Digital distribution also offers a fantastic way for gamers to get hold of games that have previously been difficult to obtain because they have stopped being produced. It also makes them more accessible to new audiences and playable on modern day systems. For example, Lucasarts have re-released many of their classic adventure games through Steam, making them compatible with modern operating systems such as Windows Vista.

For consoles, Xbox Live Arcade and Playstation Network have introduced games of their own from in-house and external developers to much critical acclaim. Especially in the case of the Xbox Live Arcade library which seems to go from strength to strength, incorporating classic games from previous years and exciting new titles built from the ground up, specially for use on Xbox. In many cases, people have opted to purchase points for an Arcade game rather than actually go out and buy a full release! This has also been a blessing for the independent gaming market as developers with the right tools can get their product out there for the public to buy and play and develop their reputation. These types of games would never have survived against heavily publicised titles from the likes of EA and Activision, so this presents an opportunity for them to make their sales without such fierce competition.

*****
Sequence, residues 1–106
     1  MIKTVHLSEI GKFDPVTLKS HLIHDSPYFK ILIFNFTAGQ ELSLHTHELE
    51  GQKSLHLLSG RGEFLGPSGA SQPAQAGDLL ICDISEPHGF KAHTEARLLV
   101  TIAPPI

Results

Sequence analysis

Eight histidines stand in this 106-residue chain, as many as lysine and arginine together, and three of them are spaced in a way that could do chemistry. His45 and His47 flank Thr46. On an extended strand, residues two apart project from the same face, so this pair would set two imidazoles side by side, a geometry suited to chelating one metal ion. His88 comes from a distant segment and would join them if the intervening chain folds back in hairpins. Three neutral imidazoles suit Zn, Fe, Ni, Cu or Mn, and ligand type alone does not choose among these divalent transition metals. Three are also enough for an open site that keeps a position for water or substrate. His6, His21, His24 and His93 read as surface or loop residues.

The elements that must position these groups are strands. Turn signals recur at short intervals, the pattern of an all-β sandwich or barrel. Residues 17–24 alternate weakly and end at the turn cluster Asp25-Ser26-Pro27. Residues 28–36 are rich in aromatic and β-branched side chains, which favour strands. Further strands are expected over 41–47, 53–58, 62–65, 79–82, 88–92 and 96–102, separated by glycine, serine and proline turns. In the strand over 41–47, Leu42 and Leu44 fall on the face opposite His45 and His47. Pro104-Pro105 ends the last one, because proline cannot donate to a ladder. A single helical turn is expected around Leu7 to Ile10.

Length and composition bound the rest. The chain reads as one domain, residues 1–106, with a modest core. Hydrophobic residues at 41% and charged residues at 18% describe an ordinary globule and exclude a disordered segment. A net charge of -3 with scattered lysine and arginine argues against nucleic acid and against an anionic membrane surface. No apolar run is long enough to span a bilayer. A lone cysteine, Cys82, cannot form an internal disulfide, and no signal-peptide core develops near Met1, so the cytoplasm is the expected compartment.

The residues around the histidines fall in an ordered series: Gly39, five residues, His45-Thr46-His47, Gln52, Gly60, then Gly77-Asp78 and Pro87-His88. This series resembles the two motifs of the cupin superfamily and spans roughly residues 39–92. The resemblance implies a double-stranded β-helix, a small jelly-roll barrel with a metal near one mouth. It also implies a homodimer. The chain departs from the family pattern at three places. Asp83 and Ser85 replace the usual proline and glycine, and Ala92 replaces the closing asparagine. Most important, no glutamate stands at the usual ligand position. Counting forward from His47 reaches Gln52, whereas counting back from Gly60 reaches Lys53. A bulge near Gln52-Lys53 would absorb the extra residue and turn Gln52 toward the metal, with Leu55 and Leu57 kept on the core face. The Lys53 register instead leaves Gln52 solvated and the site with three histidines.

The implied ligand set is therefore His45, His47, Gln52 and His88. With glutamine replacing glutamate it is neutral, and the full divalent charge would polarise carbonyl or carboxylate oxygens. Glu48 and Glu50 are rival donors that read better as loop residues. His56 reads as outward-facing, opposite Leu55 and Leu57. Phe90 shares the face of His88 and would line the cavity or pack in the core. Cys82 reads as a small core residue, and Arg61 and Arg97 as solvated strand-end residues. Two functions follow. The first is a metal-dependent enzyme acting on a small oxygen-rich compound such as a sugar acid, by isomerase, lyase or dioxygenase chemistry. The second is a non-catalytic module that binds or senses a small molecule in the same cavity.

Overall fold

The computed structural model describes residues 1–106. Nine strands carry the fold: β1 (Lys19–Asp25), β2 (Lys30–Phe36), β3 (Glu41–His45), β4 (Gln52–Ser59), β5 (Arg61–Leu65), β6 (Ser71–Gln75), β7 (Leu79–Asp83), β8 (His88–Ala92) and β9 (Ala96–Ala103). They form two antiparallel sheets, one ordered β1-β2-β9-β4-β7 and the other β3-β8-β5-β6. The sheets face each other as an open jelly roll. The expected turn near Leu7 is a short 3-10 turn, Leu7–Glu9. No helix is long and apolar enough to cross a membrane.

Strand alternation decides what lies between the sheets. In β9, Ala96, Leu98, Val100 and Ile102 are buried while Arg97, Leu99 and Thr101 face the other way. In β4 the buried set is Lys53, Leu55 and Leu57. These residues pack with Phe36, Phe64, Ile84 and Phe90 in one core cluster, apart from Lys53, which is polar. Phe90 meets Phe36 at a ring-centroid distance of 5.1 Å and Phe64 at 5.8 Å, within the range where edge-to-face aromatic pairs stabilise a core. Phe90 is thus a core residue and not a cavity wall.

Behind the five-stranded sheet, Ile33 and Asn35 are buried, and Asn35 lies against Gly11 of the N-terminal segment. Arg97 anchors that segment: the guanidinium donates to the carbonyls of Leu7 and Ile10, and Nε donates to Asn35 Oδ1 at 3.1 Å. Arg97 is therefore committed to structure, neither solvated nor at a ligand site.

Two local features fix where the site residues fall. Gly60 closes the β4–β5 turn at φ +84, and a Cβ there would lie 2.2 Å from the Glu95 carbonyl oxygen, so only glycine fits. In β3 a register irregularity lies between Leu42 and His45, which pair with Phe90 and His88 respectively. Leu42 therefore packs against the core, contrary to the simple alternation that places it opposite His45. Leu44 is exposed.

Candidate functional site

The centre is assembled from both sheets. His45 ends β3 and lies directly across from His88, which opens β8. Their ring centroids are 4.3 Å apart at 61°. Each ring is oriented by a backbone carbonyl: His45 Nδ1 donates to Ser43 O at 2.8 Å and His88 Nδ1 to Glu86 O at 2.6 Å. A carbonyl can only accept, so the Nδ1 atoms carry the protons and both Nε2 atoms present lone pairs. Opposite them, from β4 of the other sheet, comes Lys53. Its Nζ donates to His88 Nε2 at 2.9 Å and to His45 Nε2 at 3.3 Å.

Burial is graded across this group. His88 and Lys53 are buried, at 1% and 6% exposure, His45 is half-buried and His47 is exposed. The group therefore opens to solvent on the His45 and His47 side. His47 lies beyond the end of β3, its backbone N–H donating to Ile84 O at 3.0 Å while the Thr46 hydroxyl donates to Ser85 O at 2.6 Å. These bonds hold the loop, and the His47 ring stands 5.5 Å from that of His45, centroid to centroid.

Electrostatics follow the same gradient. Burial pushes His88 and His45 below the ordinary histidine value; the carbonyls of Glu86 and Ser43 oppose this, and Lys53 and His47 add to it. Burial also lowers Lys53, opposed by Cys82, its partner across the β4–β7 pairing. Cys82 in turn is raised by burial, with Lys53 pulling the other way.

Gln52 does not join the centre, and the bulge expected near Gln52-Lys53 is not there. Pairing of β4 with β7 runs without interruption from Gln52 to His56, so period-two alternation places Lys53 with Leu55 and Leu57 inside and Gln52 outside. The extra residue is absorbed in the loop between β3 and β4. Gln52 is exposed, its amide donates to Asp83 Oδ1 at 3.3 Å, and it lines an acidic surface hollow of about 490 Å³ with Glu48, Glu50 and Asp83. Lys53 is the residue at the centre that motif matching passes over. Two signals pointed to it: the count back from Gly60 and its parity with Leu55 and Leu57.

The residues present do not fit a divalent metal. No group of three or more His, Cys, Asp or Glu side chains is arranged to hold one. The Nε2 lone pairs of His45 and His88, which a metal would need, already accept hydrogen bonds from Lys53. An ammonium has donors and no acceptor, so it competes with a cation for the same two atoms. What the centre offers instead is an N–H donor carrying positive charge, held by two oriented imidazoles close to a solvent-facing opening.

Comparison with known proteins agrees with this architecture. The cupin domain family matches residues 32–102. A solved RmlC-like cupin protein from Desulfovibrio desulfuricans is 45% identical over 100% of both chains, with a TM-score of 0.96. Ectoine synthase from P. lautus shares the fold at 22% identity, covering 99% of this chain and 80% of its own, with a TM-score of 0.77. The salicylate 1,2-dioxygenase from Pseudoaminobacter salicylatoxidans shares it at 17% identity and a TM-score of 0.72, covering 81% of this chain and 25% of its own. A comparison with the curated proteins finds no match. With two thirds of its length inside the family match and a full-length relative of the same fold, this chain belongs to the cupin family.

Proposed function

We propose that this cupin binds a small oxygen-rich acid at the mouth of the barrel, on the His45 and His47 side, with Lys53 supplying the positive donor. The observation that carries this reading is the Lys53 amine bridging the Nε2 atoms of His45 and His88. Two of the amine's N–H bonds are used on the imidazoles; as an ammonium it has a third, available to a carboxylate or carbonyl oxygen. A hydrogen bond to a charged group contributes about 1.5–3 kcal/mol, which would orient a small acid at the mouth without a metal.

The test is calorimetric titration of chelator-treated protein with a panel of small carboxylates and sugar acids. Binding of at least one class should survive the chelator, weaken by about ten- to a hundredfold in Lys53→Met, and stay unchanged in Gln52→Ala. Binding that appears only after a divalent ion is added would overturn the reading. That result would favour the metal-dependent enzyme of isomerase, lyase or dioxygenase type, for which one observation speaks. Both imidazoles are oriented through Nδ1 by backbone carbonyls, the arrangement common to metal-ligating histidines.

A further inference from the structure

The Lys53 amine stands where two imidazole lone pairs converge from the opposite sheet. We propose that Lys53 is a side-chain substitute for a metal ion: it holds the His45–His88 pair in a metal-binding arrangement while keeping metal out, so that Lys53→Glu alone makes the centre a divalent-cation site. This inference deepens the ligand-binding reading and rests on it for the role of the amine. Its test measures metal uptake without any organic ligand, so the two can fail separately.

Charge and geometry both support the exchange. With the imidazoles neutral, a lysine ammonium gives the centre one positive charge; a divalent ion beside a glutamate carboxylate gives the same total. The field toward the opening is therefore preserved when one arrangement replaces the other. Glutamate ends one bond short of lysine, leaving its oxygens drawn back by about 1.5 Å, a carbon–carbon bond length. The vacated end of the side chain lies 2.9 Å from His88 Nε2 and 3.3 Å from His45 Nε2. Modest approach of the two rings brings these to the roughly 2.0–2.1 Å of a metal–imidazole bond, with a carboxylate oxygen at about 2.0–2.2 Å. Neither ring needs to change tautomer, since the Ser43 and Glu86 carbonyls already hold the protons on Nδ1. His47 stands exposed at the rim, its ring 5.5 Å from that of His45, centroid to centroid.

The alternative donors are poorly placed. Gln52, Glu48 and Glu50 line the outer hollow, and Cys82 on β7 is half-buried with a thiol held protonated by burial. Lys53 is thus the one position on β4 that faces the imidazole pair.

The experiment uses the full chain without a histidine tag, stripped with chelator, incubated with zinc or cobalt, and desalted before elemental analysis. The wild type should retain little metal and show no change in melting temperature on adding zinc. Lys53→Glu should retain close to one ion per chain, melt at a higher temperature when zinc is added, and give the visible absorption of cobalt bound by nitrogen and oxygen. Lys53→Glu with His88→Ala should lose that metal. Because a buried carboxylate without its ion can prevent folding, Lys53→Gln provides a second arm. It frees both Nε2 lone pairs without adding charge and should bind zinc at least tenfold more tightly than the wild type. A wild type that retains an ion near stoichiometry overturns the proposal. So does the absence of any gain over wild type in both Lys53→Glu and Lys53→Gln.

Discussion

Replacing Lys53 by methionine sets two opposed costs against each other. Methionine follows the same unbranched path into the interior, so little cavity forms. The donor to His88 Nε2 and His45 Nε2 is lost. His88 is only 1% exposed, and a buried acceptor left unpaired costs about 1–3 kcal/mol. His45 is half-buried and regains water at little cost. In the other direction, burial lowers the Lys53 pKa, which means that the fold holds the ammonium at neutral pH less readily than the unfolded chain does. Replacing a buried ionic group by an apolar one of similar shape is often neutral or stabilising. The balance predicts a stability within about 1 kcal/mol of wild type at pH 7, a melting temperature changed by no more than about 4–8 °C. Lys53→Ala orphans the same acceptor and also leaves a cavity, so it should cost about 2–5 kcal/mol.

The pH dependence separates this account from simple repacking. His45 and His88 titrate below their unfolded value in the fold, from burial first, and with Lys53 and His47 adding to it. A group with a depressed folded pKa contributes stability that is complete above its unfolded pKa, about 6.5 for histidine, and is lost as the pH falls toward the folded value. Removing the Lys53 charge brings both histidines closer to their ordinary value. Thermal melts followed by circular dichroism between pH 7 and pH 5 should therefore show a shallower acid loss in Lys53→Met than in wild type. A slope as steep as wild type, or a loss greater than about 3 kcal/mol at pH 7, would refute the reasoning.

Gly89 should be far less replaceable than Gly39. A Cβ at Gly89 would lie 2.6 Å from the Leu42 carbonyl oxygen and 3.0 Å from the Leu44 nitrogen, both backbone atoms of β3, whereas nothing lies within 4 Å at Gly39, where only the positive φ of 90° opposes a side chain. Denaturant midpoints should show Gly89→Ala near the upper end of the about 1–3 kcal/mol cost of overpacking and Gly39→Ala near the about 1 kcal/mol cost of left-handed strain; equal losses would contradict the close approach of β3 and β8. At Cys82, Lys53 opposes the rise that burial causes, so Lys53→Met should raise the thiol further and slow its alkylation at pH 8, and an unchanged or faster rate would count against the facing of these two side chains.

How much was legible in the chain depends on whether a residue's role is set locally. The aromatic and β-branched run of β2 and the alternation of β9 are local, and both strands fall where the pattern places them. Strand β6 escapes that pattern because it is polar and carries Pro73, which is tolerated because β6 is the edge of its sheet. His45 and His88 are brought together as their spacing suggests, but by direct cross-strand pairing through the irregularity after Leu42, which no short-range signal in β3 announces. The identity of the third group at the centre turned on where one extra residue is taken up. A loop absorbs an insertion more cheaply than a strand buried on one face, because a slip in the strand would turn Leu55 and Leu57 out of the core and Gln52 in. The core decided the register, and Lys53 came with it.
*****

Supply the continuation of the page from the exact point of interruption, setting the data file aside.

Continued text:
Stepping away from PC’s and Consoles, another force in digital distribution is iTunes. Apple’s enormously successful program has become more involved in distributing games and applications for the iPhone and iPod touch. Even mobile phones have become a solid platform to release titles on and been a huge success for developers looking to promote their wares, old and new.

I’ve certainly found myself using digital distribution more and more in the last two years, both through purchasing Arcade titles through Xbox Live and Playstation Network, and perusing some remarkable deals on Steam and iTunes, purchasing classic games for a very small fee. It has proven to be a reliable, stable service across the board and is quickly becoming such a rival to retailers that companies such as Amazon, Play and GAME have had to develop their own digital distribution services to adjust with the times.

Digital Distribution: To Come